The doctor’s waiting room was crowded and hot. Emily sat there with one child on her lap, and another bouncing between the table of outdated magazines and kicking Emily’s chair. Emily had waited two weeks for the appointment. And then an hour in traffic, fifteen minutes trying to find parking, before waiting another thirty minutes in this waiting room. Not to mention the day’s pay she was losing.

When the doctor finally saw Emily’s toddler, they were in his exam room for ten minutes. A quick evaluation of the child’s throat and he diagnosed her issue and sent them home with a prescription.

As Emily and her children walked out of the office, she imagined just how many times this happens to people who need a doctor — weeks of waiting and hours of inconvenience for a ten minute consultation.

Last week I saw a doctor while between meetings at work. I had something on my forearm that looked like poison ivy. I sent a dermatologist a photo of my skin and she sent me back some advice along with a prescription. I picked it up on my way home from work that day. I didn’t miss any work and I had my worries addressed within about an hour.

So many of our daily medical visits can be handled effectively using telemedicine. According to a recent Kaiser Permanente study, by 2020 more of us will be seeing our doctors virtually than in person. And the American Hospital Association reports that over 75% of U.S. hospitals are already connecting with patients through telemedicine services. And this is what Medici, a small Austin, Texas based startup, is building a business on top of — and in the process we are trying to change the way healthcare is delivered. We want everyone to have the experience I had. (Medici is the company I now work for.)

Taking The Stress Out Of Medicine

Medici’s tagline is “we aim to take the stress out of medicine.” You would be forgiven for not feeling more than a little stress over the seemingly hundreds of companies claiming today to change our broken healthcare system. Urgent care clinics are everywhere, and there is no shortage of doctor “call center” apps. As they both address our desire for convenience, so too do they erode the quality of our care because of their inherent lack of healthcare continuity — not to mention that they contribute to increasing stress and morale erosion for our doctors, nurses, and other healthcare staff.

What all of the current “solutions” on the market today fail to acknowledge is that healthcare is a relationship. How does Medici aim to take the stress out of medicine? By acknowledging that the doctor-patient relationship is in need of some serious couples counseling, and then giving both the doctor and patient the tools they each require to nurture their relationship.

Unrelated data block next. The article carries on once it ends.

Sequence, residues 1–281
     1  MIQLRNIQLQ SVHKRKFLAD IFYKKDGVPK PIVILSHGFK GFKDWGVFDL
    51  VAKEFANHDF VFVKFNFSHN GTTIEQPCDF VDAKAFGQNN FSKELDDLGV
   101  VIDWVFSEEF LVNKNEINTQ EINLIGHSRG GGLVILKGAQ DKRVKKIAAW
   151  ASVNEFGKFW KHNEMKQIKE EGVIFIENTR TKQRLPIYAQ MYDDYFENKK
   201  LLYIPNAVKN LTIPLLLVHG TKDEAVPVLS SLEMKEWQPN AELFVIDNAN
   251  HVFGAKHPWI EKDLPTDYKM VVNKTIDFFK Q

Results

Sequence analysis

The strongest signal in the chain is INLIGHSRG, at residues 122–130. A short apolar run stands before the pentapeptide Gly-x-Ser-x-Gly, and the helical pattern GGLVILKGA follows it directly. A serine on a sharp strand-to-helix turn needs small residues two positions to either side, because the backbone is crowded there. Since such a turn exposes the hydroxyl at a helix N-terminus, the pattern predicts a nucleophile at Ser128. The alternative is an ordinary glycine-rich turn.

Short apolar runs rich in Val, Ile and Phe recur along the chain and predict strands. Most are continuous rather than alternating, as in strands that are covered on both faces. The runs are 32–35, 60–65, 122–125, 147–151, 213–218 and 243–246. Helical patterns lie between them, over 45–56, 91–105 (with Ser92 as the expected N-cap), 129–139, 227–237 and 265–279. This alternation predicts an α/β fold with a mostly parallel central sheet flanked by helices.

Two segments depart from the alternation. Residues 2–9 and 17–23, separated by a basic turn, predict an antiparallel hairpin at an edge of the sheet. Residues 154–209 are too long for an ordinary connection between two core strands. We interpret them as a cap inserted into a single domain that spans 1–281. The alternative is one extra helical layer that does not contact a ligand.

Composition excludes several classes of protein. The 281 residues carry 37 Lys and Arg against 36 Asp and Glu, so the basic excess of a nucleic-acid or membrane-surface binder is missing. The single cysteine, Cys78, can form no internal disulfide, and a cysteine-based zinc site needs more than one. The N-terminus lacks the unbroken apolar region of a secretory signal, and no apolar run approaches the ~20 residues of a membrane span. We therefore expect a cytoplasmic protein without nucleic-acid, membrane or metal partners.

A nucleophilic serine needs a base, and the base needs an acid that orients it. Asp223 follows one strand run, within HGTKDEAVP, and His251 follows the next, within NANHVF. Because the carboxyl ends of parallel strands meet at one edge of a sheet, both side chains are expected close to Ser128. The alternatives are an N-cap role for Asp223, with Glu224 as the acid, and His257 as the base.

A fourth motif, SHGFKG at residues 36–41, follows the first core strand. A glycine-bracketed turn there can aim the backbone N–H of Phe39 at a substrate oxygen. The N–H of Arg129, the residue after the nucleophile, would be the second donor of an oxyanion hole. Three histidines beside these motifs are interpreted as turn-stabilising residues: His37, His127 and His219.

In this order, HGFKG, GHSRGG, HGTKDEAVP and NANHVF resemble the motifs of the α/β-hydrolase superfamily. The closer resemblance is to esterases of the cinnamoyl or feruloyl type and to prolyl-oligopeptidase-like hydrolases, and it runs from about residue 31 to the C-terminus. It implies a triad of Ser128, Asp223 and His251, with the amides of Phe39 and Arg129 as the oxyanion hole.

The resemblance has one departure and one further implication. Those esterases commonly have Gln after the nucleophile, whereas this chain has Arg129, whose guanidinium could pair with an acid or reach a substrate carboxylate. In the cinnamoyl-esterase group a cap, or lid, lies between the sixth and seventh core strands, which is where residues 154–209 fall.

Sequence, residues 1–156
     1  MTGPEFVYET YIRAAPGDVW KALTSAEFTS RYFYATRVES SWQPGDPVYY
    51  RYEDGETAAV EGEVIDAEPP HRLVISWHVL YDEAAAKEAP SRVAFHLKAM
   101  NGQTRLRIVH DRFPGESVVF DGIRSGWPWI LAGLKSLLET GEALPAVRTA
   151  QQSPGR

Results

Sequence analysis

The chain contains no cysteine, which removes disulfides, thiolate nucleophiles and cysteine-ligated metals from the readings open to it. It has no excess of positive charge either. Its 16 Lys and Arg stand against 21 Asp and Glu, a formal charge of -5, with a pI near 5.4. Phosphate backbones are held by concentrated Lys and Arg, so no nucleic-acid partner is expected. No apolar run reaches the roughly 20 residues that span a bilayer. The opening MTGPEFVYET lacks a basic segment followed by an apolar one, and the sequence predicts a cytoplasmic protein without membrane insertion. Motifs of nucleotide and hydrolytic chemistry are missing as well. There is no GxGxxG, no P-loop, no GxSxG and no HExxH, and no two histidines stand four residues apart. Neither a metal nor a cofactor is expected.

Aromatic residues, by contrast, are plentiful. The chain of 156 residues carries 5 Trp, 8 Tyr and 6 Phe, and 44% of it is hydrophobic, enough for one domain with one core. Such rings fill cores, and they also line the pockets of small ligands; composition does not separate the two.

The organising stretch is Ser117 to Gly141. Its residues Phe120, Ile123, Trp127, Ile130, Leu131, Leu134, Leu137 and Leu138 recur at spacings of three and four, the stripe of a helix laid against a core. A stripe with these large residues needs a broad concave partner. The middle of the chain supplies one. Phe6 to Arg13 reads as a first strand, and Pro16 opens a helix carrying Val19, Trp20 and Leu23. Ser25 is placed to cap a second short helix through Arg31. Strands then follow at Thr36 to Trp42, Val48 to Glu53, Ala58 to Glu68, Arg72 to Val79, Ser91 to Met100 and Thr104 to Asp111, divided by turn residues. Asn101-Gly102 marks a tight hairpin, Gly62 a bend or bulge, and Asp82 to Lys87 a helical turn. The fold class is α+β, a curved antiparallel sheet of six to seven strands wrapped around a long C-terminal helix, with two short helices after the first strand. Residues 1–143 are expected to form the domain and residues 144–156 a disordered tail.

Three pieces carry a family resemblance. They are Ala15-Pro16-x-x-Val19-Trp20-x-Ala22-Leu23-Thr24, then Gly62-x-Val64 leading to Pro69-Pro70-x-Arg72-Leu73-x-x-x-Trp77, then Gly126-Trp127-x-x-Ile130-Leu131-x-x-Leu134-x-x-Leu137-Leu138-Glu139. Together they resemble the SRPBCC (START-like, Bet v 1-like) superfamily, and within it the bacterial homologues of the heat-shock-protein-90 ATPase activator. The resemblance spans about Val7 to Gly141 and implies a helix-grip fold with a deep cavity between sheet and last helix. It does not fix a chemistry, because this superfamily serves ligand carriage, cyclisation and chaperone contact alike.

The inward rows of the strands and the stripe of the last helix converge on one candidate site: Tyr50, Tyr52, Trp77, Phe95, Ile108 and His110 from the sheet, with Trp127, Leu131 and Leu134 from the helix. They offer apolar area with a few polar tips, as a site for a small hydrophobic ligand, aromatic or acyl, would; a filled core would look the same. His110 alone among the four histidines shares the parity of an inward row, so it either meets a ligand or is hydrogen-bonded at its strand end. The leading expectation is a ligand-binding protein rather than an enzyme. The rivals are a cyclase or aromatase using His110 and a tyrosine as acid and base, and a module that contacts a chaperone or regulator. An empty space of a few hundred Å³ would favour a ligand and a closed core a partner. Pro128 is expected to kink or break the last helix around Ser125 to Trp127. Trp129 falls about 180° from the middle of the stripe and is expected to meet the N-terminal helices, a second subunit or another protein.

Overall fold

Here’s how the Medici app removed the stress from my healthcare: Instead of waiting weeks to fit into my dermatologist’s office hours, I connected with her on my Medici app. I’ve told my friend Emily about it too — so she can take care of her children’s health without missing work every time they get sick. Now she simply sends a few text messages to her pediatrician and he is able to diagnose their issues and send a prescription directly to her pharmacy. Sometimes she turns on her phone’s camera and he takes a look at them, like when her daughter burned her fingers on the stove and her pediatrician was able to reassure her that an ER visit was unnecessary.

And I can do this with several of our doctors, all on the same app. When our rescue dog Timber was limping, we connected with our veterinarian on Medici and used our phone’s video camera to show him how our dog was walking — and saved an expensive trip to the vet. My teenage niece who suffers from anxiety now uses Medici to have quick sessions with her therapist. We even have my husband’s nutritionist on Medici who follows up with him about his diet and cholesterol levels.

Our family has certainly had a considerable amount of stress removed from our healthcare management. It is why I decided to join the company–it was the first time I found myself optimistic about the possibility that maybe this time would be different, maybe this time healthcare would actually be changed for the better.

And the first group of people we may be able to help in a significant way are our U.S. veterans.

Operation 11/11 – Free Healthcare for U.S. Veterans

Doctors on the Medici app decide how much they will charge their patients for a consultation, and while rates vary across specialties they are usually around the same price as an in-office co-pay.  

But on November 11, 2019 — Veterans Day — Medici is paying for all U.S. veterans to have as many consultations with as many healthcare providers as they like.

Our veterans face incredible challenges in getting the care they need after serving their country. This Veterans Day, I am proud to be a part of an organization that understands the day isn’t about buying trucks or furniture on sale, but about recognizing the sacrifices our veterans and their families have made. And this November 11, no U.S. veteran will have to pay for their healthcare on the Medici app — or have to leave their home or their job to get the care they need.

To each and every one of our veterans: I hope you find the opportunity this Veterans Day to experience some of what I have experienced with the Medici app — and to do so without any cost to you at all. You deserve that, and more.

To everyone else, you deserve better than urgent care and inconvenience. 

Editor’s note: co-written by Anne Hunt and Anthony Palamara